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Question 16

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Accelerators — unknown by the novice user — can often speed up the professional user interaction so the device can work for both new and seasoned users. Allow users to tailor frequent actions.

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Question 17

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Users shouldn't be wondering whether specific words, circumstances or acts mean the same thing. Employ conventions on website.

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Question 18

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Fitts' Law can’t be used to predict professional, error-free results with restricted key presses for clearly defined tasks

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Question 19

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You cannot use inspections to test specifications, mockups, functional prototypes, or systems.

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Question 20

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Error messages should be expressed in plain language (no codes), the problem should be specified precisely and a solution suggested constructively.

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Question 1

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Participants will be told why they are doing the test, what they will be asked to do and their rights.

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Question 2

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Experiments test a hypothesis by changing some variables while preserving constancy of others.

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Question 3

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Controlled setting involving users, e.g. field experiments and seeing how the product is used in the real world in wild experiments.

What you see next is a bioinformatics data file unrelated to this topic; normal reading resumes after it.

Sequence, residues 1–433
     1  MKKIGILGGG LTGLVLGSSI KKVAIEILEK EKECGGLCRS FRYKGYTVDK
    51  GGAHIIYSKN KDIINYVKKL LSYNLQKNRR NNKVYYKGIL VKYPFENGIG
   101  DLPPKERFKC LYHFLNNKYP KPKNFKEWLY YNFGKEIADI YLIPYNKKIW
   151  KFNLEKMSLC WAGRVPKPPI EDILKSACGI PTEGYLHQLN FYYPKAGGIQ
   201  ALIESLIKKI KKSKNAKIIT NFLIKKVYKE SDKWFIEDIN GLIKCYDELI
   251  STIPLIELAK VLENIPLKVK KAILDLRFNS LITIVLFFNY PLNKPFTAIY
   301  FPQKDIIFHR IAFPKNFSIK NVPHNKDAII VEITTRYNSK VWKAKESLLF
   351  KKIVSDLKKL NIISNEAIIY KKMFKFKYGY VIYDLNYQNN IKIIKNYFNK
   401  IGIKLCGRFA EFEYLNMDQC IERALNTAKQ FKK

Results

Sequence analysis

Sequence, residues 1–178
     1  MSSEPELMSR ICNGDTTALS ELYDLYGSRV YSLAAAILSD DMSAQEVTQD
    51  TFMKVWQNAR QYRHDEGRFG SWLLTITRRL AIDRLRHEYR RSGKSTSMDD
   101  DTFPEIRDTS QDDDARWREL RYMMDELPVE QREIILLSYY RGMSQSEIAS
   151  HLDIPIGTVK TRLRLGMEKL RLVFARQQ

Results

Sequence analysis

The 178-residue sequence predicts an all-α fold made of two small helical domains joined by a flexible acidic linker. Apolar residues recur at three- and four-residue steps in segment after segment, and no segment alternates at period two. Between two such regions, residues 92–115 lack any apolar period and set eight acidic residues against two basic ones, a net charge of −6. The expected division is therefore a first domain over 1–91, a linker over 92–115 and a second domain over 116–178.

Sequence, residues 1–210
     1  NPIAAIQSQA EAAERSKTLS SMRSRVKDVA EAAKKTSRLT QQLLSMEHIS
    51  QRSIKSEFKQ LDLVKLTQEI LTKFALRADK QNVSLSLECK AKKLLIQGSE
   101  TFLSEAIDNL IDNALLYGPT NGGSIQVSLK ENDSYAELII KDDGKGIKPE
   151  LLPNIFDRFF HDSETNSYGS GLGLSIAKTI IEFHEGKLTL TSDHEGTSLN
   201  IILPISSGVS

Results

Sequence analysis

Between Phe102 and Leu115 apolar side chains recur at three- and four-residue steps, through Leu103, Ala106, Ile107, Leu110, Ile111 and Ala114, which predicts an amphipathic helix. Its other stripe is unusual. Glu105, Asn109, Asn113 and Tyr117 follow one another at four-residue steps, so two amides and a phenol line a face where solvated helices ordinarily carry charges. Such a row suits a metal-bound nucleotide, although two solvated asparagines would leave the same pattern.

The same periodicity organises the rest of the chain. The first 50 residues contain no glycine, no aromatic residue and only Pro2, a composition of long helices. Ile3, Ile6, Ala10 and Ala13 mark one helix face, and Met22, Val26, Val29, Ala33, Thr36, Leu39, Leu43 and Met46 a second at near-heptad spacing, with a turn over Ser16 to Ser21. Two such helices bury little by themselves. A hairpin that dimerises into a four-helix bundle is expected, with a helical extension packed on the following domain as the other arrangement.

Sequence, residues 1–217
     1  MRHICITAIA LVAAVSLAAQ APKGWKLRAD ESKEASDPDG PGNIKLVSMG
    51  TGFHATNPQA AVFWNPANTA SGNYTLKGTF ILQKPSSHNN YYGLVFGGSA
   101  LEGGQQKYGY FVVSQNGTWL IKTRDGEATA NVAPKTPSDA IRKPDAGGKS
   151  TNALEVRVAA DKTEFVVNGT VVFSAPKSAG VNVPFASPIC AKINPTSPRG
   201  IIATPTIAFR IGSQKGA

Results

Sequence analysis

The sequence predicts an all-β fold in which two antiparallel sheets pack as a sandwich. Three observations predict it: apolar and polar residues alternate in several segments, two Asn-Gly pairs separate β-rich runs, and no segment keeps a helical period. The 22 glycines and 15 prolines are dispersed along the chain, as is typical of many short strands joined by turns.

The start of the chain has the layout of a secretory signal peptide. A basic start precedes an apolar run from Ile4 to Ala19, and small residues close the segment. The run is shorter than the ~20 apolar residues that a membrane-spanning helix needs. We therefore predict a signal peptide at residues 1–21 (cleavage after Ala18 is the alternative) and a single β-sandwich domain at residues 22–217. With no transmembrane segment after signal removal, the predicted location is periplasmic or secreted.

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Question 4

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Match the things to consider when interpreting data from Column A to Column B

Are there prejudices that distort outcomes?

How generalizable are outcomes?

Does the assessment process distort the results?

Can the system measure what they are supposed to calculate?

Does the process yield the same results on different occasions?

Question 5

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Usability testing is carried out in regulated labs or temporary laboratories.


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Question 6

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The application of technology in people's daily lives can be measured in living laboratories.

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Question 7

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Some of the same methods of collecting data are used in evaluation as to set criteria and define the needs of the users.

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Question 8

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Evaluations may be carried out in controlled settings such as labs, less controlled field settings, or where no users are present.

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Question 9

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Usually a high authority approves the design of the informed consent form, the assessment procedure, data processing and data storage methods


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Question 10

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To test dependent variable(s), the experimenter checks independent variable(s).

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Question 11

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Usability testing and trials require the assessor to have a high degree of control over what is being tested, while evaluators usually exert little or no control on participants in field studies.